A healthy Spathiphyllum can bear 20-30 inflorescences at one time, each of which has a lifespan of several weeks. The effect is spectacular. They can be cut for the composition of bouquets because they hold very well in a vase. Some people call the Spathiphyllum “false Arum” as the resemblance between the flowers of these two plants is striking…

It is advisable to cut each stem at the base after wilting, which favors the formation of new inflorescences and also allows to preserve the aesthetic advantage of this plant. When it feels good and lacks nothing, the Spathiphyllum has the particularity of bloom in any season, several times a year. So it’s worth the pampering…

Watering the Spathiphyllum

The Spathiphyllum can’t stand a lack of water. A dry soil inevitably leads to the death of the plant. But we must not drown its roots for all that. The good idea is to install it in a large water tank. Otherwise, you get into the habit of watering your Spathiphyllum regularly, without waiting to see its leaves become stunted and its stems bend.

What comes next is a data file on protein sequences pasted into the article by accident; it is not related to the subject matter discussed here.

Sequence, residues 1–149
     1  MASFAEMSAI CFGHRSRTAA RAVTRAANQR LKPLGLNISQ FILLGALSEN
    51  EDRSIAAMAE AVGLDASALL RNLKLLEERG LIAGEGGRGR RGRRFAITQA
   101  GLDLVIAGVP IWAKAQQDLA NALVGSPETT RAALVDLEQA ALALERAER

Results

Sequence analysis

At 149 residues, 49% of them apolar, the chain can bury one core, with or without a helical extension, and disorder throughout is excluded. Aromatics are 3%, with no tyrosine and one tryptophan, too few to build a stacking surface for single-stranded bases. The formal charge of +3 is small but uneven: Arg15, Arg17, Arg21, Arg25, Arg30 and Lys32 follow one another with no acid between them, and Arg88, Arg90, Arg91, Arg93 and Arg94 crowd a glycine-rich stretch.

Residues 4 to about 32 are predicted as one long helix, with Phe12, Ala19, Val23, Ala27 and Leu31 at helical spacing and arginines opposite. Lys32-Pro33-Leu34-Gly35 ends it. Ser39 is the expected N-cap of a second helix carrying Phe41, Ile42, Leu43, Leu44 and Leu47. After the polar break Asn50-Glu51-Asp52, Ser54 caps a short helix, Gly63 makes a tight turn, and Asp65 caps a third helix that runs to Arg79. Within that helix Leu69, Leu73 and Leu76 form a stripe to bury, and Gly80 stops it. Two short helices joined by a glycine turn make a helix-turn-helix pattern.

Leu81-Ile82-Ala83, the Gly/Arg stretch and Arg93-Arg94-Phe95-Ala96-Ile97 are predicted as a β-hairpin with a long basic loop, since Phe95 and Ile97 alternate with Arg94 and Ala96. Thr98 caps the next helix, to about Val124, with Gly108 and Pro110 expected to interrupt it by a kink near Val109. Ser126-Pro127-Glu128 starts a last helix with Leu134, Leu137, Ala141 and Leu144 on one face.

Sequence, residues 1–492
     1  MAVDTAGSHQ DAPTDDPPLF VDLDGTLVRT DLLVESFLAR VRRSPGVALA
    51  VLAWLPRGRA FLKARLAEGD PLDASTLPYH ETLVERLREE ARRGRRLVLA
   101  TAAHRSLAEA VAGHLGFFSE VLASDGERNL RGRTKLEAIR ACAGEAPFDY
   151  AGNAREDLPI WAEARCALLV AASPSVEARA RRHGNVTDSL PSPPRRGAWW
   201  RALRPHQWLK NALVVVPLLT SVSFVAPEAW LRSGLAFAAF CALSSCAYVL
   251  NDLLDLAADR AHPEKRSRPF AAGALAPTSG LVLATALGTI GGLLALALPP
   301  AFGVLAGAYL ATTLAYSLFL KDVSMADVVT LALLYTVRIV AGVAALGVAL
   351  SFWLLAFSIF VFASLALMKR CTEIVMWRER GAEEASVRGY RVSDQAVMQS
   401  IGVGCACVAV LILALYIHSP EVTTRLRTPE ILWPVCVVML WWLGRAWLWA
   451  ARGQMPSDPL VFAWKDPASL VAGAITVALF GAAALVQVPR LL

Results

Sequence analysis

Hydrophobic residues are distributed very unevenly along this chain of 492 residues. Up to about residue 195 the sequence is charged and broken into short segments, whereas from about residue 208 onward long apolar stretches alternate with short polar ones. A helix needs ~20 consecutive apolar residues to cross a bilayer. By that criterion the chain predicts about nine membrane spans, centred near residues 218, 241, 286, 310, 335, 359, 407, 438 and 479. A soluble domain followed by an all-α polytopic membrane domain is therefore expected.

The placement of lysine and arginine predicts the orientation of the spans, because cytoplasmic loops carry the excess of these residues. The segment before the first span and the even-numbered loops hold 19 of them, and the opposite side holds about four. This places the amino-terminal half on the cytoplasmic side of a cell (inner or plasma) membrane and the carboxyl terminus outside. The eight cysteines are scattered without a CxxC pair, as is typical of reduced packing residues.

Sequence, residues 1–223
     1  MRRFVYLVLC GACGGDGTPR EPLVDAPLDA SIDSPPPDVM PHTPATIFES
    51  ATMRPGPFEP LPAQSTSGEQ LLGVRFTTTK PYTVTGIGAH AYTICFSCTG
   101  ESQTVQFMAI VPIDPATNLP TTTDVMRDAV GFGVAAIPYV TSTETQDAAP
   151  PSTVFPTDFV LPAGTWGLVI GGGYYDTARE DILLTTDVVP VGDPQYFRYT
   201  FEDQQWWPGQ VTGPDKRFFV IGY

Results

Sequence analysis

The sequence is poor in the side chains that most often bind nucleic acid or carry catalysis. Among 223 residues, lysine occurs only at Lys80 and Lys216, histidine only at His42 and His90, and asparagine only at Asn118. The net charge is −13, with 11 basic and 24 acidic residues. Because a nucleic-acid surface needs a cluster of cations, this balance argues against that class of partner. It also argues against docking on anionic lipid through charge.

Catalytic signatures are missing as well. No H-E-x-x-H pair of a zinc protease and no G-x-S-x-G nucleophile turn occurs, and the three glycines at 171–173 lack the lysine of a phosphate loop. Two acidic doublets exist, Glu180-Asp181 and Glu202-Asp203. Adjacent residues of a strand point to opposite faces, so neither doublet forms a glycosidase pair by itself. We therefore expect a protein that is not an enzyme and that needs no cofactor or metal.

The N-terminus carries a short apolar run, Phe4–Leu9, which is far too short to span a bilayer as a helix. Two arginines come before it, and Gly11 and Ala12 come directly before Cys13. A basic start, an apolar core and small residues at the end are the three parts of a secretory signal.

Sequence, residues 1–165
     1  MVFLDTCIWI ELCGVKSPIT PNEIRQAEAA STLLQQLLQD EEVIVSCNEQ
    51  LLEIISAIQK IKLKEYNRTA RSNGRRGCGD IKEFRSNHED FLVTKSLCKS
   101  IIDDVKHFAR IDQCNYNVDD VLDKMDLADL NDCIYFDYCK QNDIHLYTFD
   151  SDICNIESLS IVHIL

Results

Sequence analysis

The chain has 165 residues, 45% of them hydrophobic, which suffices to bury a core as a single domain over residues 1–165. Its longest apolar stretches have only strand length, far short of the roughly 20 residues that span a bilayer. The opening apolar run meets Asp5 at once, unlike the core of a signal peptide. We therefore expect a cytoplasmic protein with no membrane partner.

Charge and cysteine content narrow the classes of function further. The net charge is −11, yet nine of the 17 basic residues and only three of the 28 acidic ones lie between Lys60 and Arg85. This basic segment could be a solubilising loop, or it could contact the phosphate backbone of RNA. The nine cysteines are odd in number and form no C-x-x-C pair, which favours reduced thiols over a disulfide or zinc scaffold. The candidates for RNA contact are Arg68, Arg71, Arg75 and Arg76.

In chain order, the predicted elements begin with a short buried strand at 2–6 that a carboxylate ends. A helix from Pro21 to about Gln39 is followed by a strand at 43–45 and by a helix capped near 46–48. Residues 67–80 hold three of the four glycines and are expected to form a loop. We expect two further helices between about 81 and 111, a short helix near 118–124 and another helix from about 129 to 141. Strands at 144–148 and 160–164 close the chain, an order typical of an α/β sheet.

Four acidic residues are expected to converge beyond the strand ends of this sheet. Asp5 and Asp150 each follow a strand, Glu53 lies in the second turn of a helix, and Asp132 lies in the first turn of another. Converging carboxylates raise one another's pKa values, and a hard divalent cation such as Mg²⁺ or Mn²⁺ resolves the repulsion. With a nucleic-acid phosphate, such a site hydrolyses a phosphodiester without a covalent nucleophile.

The watering frequency is appreciated depending on the environment. Some accommodations are quite cool, others on the contrary have a relatively high temperature. In a room equipped with large bay windows, it is logical to have to water your Spathiphyllum once or twice a week in summer, whereas watering every 10 days may be appropriate if the indoor temperature does not exceed 18°C, the brightness is low, which is the case in a room facing north or the windows are small. It is up to each gardener to observe his plant in order to understand their needs to can anticipate them afterwards and in any case respond to them as well as possible.